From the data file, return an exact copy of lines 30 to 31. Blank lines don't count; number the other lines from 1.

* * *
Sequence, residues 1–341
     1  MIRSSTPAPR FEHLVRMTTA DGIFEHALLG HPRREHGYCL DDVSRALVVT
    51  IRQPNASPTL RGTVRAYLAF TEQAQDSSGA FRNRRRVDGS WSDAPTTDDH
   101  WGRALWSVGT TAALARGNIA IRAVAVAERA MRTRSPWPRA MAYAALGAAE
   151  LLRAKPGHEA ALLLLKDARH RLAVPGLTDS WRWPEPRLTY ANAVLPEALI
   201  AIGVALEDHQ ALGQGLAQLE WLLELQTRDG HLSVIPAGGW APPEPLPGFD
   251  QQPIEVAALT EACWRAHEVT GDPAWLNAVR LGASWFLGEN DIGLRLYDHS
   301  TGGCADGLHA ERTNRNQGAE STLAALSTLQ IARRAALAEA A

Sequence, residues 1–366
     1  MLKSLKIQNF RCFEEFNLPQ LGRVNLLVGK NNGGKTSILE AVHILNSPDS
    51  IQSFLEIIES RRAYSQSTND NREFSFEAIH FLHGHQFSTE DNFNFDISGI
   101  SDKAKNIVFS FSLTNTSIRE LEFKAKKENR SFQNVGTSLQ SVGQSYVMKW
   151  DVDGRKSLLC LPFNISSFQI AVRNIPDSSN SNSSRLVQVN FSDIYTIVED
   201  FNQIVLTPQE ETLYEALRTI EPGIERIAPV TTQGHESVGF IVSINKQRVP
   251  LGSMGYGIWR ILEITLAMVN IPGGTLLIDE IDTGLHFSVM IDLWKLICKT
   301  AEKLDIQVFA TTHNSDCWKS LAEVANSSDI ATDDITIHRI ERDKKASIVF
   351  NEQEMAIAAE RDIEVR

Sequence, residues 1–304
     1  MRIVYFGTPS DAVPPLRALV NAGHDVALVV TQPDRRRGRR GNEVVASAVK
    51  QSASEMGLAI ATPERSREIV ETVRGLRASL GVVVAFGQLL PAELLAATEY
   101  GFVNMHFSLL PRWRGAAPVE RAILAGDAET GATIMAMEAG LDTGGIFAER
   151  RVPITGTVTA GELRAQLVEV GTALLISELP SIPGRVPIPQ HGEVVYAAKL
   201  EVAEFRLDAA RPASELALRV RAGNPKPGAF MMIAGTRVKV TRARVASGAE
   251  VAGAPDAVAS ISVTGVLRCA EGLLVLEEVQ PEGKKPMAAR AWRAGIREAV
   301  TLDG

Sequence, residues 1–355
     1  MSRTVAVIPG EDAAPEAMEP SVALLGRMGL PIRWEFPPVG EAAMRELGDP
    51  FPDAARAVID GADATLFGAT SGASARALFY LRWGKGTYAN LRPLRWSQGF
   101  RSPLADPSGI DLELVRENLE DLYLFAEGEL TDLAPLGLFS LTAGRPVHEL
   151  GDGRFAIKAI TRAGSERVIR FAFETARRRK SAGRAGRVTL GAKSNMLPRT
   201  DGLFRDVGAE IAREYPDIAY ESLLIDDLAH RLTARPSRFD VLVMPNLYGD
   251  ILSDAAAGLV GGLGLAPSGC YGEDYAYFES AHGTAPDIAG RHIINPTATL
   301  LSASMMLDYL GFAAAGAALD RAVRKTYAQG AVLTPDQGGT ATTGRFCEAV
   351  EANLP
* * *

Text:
   151  GDGRFAIKAI TRAGSERVIR FAFETARRRK SAGRAGRVTL GAKSNMLPRT
   201  DGLFRDVGAE IAREYPDIAY ESLLIDDLAH RLTARPSRFD VLVMPNLYGD